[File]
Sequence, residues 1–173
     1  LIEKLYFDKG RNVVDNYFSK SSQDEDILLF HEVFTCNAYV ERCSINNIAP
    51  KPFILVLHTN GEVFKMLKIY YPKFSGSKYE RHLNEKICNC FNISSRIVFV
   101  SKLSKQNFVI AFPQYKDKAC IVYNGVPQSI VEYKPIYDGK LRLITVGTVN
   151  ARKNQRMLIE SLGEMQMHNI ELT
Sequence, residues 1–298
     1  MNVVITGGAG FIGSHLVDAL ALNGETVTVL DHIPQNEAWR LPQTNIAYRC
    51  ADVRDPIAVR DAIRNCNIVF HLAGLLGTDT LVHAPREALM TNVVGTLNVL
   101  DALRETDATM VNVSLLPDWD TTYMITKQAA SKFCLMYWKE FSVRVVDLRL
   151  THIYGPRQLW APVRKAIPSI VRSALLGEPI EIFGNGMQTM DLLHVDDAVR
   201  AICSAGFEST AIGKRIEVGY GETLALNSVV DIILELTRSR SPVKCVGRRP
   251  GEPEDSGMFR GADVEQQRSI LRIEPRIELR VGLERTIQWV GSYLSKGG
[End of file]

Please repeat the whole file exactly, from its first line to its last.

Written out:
Sequence, residues 1–173
     1  LIEKLYFDKG RNVVDNYFSK SSQDEDILLF HEVFTCNAYV ERCSINNIAP
    51  KPFILVLHTN GEVFKMLKIY YPKFSGSKYE RHLNEKICNC FNISSRIVFV
   101  SKLSKQNFVI AFPQYKDKAC IVYNGVPQSI VEYKPIYDGK LRLITVGTVN
   151  ARKNQRMLIE SLGEMQMHNI ELT
Sequence, residues 1–298
     1  MNVVITGGAG FIGSHLVDAL ALNGETVTVL DHIPQNEAWR LPQTNIAYRC
    51  ADVRDPIAVR DAIRNCNIVF HLAGLLGTDT LVHAPREALM TNVVGTLNVL
   101  DALRETDATM VNVSLLPDWD TTYMITKQAA SKFCLMYWKE FSVRVVDLRL
   151  THIYGPRQLW APVRKAIPSI VRSALLGEPI EIFGNGMQTM DLLHVDDAVR
   201  AICSAGFEST AIGKRIEVGY GETLALNSVV DIILELTRSR SPVKCVGRRP
   251  GEPEDSGMFR GADVEQQRSI LRIEPRIELR VGLERTIQWV GSYLSKGG